The Minneapolis school board on Tuesday night reviewed a proposed budget for next year, the first year the district's sweeping comprehensive redesign will take effect. The board will vote on the proposal in June.
Minneapolis Public Schools' 2021-2022 proposed budget projects $890 million in revenue and $935 million in expenses and is balanced using money from the second round of federal Elementary and Secondary School Emergency Relief funds. The proposed budget does not include federal money coming to the district from the American Rescue Plan Act, which has not been awarded. Those additional funds can be added in with a board-approved budget amendment and could put next year's budget over $1 billion.
District leaders called the American Rescue Plan money a "once in a lifetime" occurrence for education funding but emphasized that it is not an ongoing source. Those funds will need to be spent by September 2024 and the recommendation is to think of it as a one-time investment to "build capacity" to meet student needs, said Superintendent Ed Graff.
"We know that these funds have an endpoint," he said. "We do not want to set ourselves up as an organization to have funding challenges beyond the life of this grant."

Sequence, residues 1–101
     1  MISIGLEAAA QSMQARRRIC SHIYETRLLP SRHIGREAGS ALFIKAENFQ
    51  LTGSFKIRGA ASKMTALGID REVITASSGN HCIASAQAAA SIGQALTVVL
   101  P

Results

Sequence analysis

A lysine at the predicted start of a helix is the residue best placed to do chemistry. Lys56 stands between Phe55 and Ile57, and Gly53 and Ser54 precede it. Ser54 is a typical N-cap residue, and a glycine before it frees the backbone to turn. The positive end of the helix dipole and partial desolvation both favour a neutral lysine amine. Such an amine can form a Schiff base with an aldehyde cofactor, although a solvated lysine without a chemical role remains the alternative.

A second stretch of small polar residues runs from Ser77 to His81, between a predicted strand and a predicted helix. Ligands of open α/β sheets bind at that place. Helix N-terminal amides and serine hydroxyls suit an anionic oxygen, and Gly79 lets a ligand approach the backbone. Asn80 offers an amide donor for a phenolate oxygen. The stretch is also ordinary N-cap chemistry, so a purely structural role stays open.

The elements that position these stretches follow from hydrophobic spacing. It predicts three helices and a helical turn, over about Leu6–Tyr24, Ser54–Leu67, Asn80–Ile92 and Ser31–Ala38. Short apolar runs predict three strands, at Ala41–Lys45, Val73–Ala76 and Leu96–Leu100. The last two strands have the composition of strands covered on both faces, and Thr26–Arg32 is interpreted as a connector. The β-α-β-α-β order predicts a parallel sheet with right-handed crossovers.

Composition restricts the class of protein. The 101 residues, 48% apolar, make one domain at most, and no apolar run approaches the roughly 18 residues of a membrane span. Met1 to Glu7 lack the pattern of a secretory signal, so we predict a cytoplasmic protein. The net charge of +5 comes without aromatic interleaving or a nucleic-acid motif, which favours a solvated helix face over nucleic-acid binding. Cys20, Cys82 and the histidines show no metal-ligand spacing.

The proposed budget assumes predictable staffing in all schools and an estimated enrollment decline of 1,349 students. It includes $353 million for school-by-school allocations, down $22 million from the previous year. It also includes about $8 million carried over from the first two rounds of federal relief funds.
A five-year projection, presented to the school board in December, showed that the district's budget is likely to continue to be burdened by declining enrollment and rising costs that outpace revenue.
"Our analysis finds that, regardless of whether the [district redesign] succeeds, the district is burdened by an unsustainable fiscal structure," read the report.
By using the first two rounds of federal funds, Graff said the district can provide a stable transition for students during the implementation of the district redesign. If the trajectory of enrollment decline doesn't turn around, the district will have to adjust staffing levels, he said.
Priorities in the proposed general fund budget include increases in funding for mental health support and middle school athletics as well as money set aside to add additional social worker, psychologist, nurse and counselor positions.
Mara Klecker • 612-673-4440